Why this bank merger won’t help

Indian banks are becoming bigger, by getting smaller.

Published: 21st September 2018 04:00 AM  |   Last Updated: 21st September 2018 01:32 AM   |  A+A-

Indian banks are becoming bigger, by getting smaller. The proposed merger of Bank of Baroda, Vijaya Bank and Dena Bank reduces the PSB count to 19 and comes a year after the government’s in-principle nod for consolidation, copping out on privatisation. After a summer of limbo in ripping out bad loans by the root, we are now told that mergers are the only game in town. This, experts say, isn’t a bespoke deal, as it forces a wounded shark (BoB) to rescue a sickly whale (Dena).

There are two types of bank consolidation. Voluntary mergers under RBI’s Section 44A, driven by economic logic, which only private banks have done: ING Vysya-Kotak Mahindra Bank and HDFC-Centurion Bank of Punjab are examples.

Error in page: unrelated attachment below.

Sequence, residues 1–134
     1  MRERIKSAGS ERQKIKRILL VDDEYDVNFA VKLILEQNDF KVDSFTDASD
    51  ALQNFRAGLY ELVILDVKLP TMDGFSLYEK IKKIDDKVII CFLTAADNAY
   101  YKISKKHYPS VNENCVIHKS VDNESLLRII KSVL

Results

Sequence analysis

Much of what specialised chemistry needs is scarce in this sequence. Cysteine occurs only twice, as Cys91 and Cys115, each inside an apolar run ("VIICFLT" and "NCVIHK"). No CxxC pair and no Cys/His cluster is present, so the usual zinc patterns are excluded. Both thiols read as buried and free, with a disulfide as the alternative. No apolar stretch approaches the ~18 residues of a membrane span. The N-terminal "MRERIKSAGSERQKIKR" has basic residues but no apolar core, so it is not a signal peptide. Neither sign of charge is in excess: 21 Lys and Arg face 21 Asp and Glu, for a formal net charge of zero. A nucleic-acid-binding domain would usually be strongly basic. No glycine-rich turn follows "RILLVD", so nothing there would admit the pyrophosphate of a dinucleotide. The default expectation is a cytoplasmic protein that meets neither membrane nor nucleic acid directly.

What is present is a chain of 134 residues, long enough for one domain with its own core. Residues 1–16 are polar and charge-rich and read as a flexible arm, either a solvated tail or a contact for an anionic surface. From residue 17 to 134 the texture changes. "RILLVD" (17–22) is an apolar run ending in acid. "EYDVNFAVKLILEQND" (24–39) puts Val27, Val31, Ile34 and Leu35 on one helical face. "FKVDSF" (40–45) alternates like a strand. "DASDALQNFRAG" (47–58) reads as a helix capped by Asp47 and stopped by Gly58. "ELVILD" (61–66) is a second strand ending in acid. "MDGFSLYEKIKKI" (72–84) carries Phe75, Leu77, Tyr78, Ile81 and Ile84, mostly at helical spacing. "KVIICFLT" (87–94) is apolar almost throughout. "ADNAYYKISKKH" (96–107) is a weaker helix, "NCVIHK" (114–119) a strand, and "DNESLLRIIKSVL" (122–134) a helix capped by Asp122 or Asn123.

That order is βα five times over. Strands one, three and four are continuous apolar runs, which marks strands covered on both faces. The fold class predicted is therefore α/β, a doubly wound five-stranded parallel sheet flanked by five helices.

The other is forced mergers under Section 45 to save weak lenders, like the Global Trust Bank-OBC and New Bank of India-PNB mergers—which remained colossal failures. When a strong and weak bank merge, the combined entity loses competitiveness and the merger is counterproductive. An RBI working group recommended avoiding such events without first restructuring weaklings—a step now being bypassed.

Timing is everything in elections and the desperation to take the applause for fixing banks and figuring in the top 50 global banks (only SBI figures there now) is telling. While large banks can ride off troughs with ease, merging strong and weak players isn’t the answer, but a problem. Large isn’t always beneficial, as the too-big-to-fail norm compels government bailouts, which is borne by us taxpayers.

Failures are the essence of capitalism, so before gaining size, we need measures that allow banks to fail safely without causing systemic shocks like Lehman Brothers. No math can correct errors made out of lack of self-discipline, and as we still fight the last NPA war, rather than planning for the next one, it’s time to act bold, taking haircuts and ceding control to private parties. For, in a growing economy, banks should lend without worrying about provisions or sacrificing profits at the altar. 

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